Select Page

Relative Age Effect. How Birth Month Matters.

By Satyajit Sadanandan

Myth:  Birth month is not important in soccer selections. 

Fact:   Players born in the first half of the year have an advantage.

Did you know that 38% of the Indian team in the FIFA U17 World Cup were born in January?

Or that 73% of the team players (15 out of 21) were born in the first six months (January-June)?

Ideally, players should have an equal chance regardless of the birth month. But it is not so.

And this is not limited to India. It is fairly common in youth soccer globally as you can see from the graphical data of some of the successful teams in the 2017 FIFA U17 World Cup.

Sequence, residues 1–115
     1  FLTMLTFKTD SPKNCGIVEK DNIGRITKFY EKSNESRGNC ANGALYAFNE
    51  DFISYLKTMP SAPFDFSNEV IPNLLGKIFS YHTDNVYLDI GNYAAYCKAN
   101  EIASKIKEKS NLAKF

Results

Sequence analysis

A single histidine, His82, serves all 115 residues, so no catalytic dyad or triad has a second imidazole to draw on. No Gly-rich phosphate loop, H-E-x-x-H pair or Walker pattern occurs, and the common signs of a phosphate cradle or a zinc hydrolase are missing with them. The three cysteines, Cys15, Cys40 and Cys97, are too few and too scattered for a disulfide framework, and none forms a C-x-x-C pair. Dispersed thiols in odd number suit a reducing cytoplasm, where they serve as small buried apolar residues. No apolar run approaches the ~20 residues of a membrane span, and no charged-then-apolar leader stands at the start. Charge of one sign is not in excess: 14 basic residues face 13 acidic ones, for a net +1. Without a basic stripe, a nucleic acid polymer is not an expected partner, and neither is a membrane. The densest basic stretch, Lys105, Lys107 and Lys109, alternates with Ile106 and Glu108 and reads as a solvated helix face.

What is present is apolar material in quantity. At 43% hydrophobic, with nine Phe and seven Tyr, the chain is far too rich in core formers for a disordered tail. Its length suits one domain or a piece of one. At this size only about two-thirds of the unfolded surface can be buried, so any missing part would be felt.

This is also not limited to this U17 World Cup. Research done on the U17 World Cups from 1997 to 2007 showed that 40% of all players were born in the first quarter (Jan-March) and only 16% were born in the last quarter (Oct-Dec).

Players born in earlier months have an advantage due to within-age-group maturity differences. This is known as the ‘Relative Age Effect’.

There is extensive research in many other disciplines — both education and sports — that provides evidence of this effect. It is also not a new discovery. It was first reported over two decades back in Canadian Ice Hockey. But it continues to deeply influence player selections and development in many sports including soccer.